March 16


Debt Collections – How to Pay Off Accounts in Collections

By Raymond Eaddy

March 16, 2018

Budget, debt, personal finance

Next to bankruptcy, having an account in collections is the worst entry you can have on your credit report. It will lower your score, and make it difficult- if not impossible- to obtain new credit. Creditors realize that if you have an account in collections that it went unpaid for a long period of time, and it makes them fear that if they lent you money they would not receive payments on time, either. Once you have an account in collections, your goal is to improve your credit and get the collections accounts deleted, or at the very least, updated on the credit report to say “Paid as agreed”, “Current”, or “Settled”.

The damage is done the moment the account is reported as being in collections. Before you pay off that collection account, you want to negotiate with the debt collector to have the credit report updated to one of the more favorable notations, as described above. You do not want to deal with the nightmare that many people face because they did not negotiate with the creditor and get the intention in writing for the update of your credit report- some people have paid accounts off that are in collections and their credit report is not updated. For at least seven years after the account is paid off; the individuals end up having problems getting new credit because the account still appears in negative status on the credit report.

The Best Scenario for You

The best you can hope for in terms of improving your credit is to have the collector delete the account from your credit report exclusively. Send a “pay for delete” letter to the collector, and offer a settlement payment that you will pay them in exchange for the cancellation of the account from your credit report. Get the collectors response in writing before you make a payment, to be sure you have proof of the arrangement in the event that they do not follow through with their end of the bargain.

If you prefer to call the debt collector, you chance being recorded saying something that can be used against you in a judgment case. You’ll want to get the agreement from the collector in writing anyway, so it’s a good idea to do this in writing anyway.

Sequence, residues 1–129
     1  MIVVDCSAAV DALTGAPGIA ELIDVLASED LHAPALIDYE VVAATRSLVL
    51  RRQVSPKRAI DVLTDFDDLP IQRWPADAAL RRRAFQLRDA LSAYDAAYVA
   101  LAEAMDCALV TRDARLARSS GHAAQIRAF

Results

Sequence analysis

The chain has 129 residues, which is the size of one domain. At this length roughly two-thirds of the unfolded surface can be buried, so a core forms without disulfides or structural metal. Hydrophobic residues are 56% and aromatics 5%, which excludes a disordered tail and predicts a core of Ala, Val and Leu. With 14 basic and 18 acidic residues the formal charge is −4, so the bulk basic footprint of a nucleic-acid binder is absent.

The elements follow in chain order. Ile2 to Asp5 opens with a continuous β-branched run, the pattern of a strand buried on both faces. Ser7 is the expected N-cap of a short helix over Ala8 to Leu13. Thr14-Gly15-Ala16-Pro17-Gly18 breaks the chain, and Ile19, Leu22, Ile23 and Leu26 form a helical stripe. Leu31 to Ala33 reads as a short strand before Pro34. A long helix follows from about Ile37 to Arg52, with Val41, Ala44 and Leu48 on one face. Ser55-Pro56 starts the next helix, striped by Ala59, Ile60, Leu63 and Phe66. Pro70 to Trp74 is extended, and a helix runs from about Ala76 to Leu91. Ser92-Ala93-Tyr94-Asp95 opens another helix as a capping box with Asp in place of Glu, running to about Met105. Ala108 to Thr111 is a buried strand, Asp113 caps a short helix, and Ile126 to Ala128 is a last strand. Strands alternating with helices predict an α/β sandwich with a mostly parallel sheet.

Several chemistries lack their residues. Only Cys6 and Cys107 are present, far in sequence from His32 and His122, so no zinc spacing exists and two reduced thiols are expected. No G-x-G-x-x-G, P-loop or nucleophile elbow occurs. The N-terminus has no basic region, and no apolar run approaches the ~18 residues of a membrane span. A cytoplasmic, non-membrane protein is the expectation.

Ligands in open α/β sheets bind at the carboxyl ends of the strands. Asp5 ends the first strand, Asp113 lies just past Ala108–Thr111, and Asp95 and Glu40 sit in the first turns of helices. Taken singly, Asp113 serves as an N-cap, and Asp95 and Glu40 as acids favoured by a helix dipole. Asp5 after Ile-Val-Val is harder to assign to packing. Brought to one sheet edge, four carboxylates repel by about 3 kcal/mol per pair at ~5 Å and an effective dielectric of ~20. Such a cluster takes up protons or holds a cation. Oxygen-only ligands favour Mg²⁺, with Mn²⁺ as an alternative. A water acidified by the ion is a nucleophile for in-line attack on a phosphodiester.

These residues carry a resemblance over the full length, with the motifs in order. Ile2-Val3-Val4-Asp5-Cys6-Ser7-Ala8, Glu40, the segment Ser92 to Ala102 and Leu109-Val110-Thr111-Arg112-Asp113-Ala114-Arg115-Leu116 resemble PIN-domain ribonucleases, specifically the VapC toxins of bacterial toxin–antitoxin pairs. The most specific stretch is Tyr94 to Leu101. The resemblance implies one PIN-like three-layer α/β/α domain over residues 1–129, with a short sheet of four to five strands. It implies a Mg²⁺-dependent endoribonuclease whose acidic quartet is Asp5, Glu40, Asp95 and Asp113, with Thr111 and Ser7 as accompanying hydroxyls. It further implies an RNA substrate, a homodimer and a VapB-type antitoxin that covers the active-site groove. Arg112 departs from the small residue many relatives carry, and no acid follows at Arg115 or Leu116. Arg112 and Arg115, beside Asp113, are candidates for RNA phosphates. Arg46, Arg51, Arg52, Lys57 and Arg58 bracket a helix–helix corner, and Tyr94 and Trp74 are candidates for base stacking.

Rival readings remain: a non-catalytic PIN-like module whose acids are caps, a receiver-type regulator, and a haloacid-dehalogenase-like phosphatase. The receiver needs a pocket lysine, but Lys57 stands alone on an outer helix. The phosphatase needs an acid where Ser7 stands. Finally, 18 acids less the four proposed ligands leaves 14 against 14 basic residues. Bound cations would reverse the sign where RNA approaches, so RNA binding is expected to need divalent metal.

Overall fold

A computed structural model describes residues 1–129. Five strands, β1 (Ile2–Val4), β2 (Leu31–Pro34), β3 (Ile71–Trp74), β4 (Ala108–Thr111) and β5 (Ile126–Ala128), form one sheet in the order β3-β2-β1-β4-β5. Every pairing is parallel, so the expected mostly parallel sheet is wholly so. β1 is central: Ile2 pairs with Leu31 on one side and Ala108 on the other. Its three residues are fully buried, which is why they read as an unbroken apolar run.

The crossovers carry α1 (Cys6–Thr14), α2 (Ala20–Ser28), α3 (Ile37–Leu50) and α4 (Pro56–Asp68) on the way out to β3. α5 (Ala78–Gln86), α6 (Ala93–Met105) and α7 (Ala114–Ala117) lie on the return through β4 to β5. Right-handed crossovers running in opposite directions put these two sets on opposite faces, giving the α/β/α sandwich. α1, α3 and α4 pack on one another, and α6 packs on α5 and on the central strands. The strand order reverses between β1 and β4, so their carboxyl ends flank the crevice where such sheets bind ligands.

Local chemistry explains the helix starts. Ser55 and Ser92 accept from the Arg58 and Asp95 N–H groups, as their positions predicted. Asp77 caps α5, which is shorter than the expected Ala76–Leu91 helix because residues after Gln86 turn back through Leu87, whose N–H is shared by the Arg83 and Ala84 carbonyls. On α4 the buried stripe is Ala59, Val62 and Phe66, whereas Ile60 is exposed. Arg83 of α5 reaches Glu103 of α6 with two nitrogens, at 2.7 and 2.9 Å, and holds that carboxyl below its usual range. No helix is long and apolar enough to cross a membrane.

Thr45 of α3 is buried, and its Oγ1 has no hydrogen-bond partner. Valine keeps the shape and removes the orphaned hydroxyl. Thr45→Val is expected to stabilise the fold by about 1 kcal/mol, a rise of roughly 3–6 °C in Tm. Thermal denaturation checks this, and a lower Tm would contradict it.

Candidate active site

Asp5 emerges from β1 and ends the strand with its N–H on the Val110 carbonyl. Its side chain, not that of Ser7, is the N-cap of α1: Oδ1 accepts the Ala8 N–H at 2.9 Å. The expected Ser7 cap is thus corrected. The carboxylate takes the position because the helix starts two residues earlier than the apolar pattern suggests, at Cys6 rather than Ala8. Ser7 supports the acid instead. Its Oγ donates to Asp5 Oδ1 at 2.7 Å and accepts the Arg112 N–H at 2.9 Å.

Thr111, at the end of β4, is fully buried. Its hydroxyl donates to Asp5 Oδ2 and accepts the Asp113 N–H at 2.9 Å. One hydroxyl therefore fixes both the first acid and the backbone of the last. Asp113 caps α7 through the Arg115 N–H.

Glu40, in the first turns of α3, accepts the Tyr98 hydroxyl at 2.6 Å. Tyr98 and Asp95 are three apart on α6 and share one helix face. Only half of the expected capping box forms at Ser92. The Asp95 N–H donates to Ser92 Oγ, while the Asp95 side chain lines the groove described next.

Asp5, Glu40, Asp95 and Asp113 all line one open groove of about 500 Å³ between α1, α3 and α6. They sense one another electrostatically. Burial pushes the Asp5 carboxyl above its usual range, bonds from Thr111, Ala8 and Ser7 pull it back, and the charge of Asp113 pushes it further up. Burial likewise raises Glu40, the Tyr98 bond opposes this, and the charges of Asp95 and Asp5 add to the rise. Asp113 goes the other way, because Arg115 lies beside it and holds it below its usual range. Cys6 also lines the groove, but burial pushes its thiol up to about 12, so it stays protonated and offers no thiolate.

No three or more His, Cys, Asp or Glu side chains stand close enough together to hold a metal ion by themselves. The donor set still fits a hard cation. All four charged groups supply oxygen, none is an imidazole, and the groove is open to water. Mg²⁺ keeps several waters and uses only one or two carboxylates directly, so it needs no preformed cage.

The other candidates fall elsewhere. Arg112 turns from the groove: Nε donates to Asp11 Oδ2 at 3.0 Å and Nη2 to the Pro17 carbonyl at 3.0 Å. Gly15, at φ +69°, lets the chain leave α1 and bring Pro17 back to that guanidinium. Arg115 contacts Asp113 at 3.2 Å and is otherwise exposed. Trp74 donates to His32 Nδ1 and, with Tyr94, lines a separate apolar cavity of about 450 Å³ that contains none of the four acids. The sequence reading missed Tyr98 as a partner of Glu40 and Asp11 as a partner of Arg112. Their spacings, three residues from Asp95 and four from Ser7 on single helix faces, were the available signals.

Debt collectors do not have to remove accurate entries from your credit report, even if you offer a settlement, so not all debt collectors will agree to this scenario.

Second Best Scenario for You

There are a number of collectors who will hold out in hopes of getting the payment in full and will refuse to delete the account from your credit report in exchange for a settlement (less than amount owed) payment. If this is your situation, you’ll have to offer to pay the full amount to get the collector to delete the account from your credit history report.

Not as Good, But Acceptable!

There are some collectors who simply refuse to remove an entry from your credit report, even when you’ve made payment. You would then want to get the collector to agree to update the notation to “Paid in Full”; whether you make a settlement payment or the full amount.

Unfortunately, a number of collectors will not report it as “paid in full” if you settle. If you get the debt collector to agree to a settlement payment, but not “paid in full”, it would still be acceptable and better than your current situation to have the account reflect “Paid-Settled” on your credit report. It will not result in an instant, huge boost in your credit score, but it is certainly better than the situation you’re in now (having the account in collections) and is the best alternative if you can not get it deleted or marked “Paid in full” for making a partial payment. (If you have the money to pay the account in full, do it because the notation on your credit report for an account paid in full is much better for you over the long term!)

Raymond Eaddy

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